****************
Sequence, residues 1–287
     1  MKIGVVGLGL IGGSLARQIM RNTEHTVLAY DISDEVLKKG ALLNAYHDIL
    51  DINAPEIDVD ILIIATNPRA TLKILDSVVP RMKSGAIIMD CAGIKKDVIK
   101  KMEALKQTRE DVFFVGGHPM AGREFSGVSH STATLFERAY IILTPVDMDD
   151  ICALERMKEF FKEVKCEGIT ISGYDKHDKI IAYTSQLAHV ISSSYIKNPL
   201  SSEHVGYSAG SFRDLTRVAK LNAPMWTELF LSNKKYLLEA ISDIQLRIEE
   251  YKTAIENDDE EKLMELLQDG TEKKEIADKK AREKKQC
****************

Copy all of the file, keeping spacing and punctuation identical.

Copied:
Sequence, residues 1–287
     1  MKIGVVGLGL IGGSLARQIM RNTEHTVLAY DISDEVLKKG ALLNAYHDIL
    51  DINAPEIDVD ILIIATNPRA TLKILDSVVP RMKSGAIIMD CAGIKKDVIK
   101  KMEALKQTRE DVFFVGGHPM AGREFSGVSH STATLFERAY IILTPVDMDD
   151  ICALERMKEF FKEVKCEGIT ISGYDKHDKI IAYTSQLAHV ISSSYIKNPL
   201  SSEHVGYSAG SFRDLTRVAK LNAPMWTELF LSNKKYLLEA ISDIQLRIEE
   251  YKTAIENDDE EKLMELLQDG TEKKEIADKK AREKKQC